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The most popular US poker players of all time

Ethan Miller // Getty Images

The most popular US poker players of all time

Players stack their chips as they compete in the World Series of Poker.

Poker in the United States is booming—again.

Last year, the World Series of Poker accepted a record 10,043 entrants, who each had to fork over $10,000 to sit at the no-limit hold ’em tournament with a $93.4 million purse, including $12.1 million for the winner.

The event started in 1970 with seven participants, but it really took off in 2003 when Chris Moneymaker burst onto the scene, The Financial Times reported. The Tennessee accountant won $2.5 million after qualifying for the main event in an $86 online satellite tournament, and poker hasn’t been the same since.

The World Poker Tour, which arranges and hosts international tournaments, was launched the previous year. Additionally, the increased availability of broadband internet, plus unregulated online poker rooms and the entertainment value of televised events, helped foster a rise—until the Unlawful Internet Gambling Enforcement Act of 2006 prevented businesses from accepting payments from people participating in illegal gambling.

Online poker took another massive hit in 2011 on what is known as Black Friday when the Department of Justice seized the domains of super sites PokerStars, Full Tilt Poker, and Cereus Poker Network (formed when Ultimate Bet merged with Absolute Poker)—and $34 million from players. It made a comeback, however, when the coronavirus pandemic led to the sprouting of new platforms, and subsequent developments and innovations made the game more attractive.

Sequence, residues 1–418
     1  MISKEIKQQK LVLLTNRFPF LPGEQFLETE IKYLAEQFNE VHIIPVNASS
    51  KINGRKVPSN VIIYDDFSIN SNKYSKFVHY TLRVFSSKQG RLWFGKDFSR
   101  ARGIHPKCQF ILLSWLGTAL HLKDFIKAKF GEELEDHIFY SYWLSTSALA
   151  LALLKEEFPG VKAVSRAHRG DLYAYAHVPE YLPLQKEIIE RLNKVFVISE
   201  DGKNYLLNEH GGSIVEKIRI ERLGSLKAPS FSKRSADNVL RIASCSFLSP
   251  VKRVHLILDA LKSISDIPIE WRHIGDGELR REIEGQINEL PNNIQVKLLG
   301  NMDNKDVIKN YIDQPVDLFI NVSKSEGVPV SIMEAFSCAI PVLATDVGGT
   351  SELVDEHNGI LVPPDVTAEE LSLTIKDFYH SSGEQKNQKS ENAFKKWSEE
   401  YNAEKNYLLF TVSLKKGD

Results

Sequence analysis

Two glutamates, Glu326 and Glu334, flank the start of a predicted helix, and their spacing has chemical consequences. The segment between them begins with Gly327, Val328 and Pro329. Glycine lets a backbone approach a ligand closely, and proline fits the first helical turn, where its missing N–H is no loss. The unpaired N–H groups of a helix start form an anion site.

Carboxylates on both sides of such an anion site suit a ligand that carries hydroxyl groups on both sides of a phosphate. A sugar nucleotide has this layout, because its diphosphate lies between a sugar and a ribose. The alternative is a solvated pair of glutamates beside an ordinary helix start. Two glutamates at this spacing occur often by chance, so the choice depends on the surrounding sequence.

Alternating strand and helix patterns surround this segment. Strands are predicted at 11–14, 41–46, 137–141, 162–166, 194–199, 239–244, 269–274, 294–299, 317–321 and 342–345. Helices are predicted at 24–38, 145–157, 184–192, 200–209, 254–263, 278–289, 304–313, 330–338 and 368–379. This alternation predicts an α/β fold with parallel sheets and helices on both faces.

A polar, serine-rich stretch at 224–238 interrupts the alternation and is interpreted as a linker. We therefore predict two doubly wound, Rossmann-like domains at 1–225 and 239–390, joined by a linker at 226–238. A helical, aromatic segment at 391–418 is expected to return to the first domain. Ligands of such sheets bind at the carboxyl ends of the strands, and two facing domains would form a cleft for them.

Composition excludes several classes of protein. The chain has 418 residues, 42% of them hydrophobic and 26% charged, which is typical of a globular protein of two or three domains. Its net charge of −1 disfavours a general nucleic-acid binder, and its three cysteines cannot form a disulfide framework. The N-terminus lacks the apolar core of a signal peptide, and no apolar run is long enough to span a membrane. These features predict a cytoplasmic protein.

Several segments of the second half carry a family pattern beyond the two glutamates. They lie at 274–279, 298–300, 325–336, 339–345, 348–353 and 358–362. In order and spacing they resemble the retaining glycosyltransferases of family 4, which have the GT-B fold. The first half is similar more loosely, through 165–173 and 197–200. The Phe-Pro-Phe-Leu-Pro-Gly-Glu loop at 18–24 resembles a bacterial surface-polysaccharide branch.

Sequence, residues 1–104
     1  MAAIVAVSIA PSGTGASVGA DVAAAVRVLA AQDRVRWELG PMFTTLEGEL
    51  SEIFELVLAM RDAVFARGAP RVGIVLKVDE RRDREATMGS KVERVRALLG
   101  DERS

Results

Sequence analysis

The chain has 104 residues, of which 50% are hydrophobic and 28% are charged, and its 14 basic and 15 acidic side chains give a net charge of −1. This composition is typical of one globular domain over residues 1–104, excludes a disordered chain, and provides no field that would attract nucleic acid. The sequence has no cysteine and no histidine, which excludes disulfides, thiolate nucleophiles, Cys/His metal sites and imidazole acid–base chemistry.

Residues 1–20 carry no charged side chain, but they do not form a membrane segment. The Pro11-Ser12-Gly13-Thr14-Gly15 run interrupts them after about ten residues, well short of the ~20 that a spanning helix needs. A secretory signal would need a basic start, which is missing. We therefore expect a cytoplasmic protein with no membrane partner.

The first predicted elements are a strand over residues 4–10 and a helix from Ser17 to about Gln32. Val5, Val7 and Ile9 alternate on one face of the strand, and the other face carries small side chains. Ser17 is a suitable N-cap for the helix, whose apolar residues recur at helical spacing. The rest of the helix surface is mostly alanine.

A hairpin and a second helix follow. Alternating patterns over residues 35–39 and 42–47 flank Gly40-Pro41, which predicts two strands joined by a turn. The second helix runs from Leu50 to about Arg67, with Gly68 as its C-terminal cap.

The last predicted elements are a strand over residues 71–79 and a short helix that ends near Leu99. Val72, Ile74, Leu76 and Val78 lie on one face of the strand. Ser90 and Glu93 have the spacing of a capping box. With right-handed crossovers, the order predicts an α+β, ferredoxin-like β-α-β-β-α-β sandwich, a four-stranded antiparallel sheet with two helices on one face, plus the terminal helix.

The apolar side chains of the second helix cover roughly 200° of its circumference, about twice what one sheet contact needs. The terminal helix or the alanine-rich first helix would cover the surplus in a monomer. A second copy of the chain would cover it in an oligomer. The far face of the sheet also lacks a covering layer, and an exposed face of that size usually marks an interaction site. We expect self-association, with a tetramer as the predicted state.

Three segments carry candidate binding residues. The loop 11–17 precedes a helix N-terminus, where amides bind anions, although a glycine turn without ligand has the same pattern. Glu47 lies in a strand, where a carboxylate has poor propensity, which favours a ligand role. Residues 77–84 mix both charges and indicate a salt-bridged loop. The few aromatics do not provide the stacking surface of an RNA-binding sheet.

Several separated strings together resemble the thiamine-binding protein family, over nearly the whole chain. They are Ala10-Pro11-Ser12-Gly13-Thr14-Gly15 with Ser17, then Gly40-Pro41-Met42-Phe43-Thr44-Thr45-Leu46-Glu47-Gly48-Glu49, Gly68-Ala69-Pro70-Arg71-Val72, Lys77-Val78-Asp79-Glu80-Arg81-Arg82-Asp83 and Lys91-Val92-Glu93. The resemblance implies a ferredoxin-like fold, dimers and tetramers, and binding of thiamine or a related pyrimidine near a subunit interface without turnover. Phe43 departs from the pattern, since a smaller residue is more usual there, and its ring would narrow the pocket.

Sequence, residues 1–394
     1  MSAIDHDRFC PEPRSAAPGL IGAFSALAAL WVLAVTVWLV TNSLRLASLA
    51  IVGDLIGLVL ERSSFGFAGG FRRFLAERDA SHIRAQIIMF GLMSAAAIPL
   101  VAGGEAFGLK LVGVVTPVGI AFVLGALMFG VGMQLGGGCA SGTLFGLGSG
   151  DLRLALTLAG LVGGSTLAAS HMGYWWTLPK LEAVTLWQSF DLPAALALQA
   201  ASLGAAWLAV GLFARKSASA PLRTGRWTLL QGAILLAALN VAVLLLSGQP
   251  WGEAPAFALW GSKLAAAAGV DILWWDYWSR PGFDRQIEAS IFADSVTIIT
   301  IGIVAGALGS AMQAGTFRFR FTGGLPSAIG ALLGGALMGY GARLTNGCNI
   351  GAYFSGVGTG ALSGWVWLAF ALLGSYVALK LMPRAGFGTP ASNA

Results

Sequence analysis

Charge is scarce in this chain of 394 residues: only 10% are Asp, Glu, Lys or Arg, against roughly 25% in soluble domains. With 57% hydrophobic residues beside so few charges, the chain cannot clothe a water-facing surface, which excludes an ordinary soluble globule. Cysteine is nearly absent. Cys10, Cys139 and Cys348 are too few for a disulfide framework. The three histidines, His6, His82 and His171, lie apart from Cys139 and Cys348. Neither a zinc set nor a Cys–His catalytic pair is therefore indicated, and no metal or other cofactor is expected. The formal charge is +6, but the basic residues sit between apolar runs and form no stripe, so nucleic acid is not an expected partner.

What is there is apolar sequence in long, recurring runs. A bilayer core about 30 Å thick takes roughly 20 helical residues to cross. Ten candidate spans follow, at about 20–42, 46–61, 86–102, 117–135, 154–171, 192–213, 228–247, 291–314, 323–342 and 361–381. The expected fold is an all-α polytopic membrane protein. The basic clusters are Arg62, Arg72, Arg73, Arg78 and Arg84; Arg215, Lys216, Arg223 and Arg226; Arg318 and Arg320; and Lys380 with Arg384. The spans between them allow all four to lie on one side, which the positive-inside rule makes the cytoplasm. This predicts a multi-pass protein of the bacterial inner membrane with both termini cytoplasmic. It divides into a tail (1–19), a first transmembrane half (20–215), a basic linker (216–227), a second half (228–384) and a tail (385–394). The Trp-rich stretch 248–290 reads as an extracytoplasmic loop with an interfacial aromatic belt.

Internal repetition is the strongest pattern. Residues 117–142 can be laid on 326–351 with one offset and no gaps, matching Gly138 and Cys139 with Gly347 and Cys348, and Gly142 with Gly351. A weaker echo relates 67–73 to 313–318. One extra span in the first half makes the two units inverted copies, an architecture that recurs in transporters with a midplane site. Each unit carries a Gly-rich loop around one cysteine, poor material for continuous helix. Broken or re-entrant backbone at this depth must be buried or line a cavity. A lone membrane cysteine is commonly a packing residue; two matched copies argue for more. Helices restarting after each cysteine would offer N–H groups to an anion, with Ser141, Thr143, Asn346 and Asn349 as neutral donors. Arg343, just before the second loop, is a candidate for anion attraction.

Still, it’s been a slow burn, and while poker has seen its share of ups and downs as the gambling industry ebbs and flows, more and more players are sitting down to ante up.

To see which players had the most eyes on them, Clubs Poker compiled a ranking of the most popular U.S. poker players of all time as of March 13, 2024, using data from The Hendon Mob. Players were ranked according to unique page views on the website starting from Jan. 1, 2008. Data about each player’s live cash earnings provides supplementary insights. 

Joe Raedle // Getty Images

#10. Dan Smith

A poker player holds a stack of his chips.

– Total live earnings: $52,861,568
– Best live cash: $8,765,628
– Unique hits: 313,228

Dan Smith made a breakthrough in 2012, winning $3.7 million in live tournaments and six titles. His two biggest scores came with third-place finishes at charity events in 2019 ($8.8 million) and 2018 ($4 million). He earned his first World Poker Tour title (and $1.2 million) in 2013 and first World Series of Poker bracelet in 2022.

Pablo Blazquez Dominguez // Getty Images

#9. Tom Dwan

Tom Dwan plays at the European Poker Tour 2011 in the Casino Gran Madrid.

– Total live earnings: $6,519,604
– Best live cash: $793,775
– Unique hits: 316,843

A New Jersey native like Smith, Tom Dwan has won eight European Poker Tour titles and reached seven final tables at the WSOP and WPT combined, cashing 12 times. In May, he won the largest televised hand in history at the time: $3.1 million. His biggest cashes came on back-to-back days in 2019 at the Triton Super High Roller Series London, totaling $1.4 million.

Jeff Bottari // Getty Images

#8. Jason Mercier

Jason Mercier laughs with players as he competes at the final table of the Epic Poker League Inaugural Season.

– Total live earnings: $20,826,886
– Best live cash: $1,622,181
– Unique hits: 346,222

Jason Mercier has six WSOP bracelets and 22 final tables to his name. He’s claimed over $1 million three times, including when he won the EPT main event in San Remo in 2008—just his second live tournament. He owns 28 tournament victories.

Dan Tuffs // Getty Images

#7. Daniel Colman

Final table and chip stacks at the World Series of Poker.

– Total live earnings: $28,925,058
– Best live cash: $15,306,668
– Unique hits: 411,663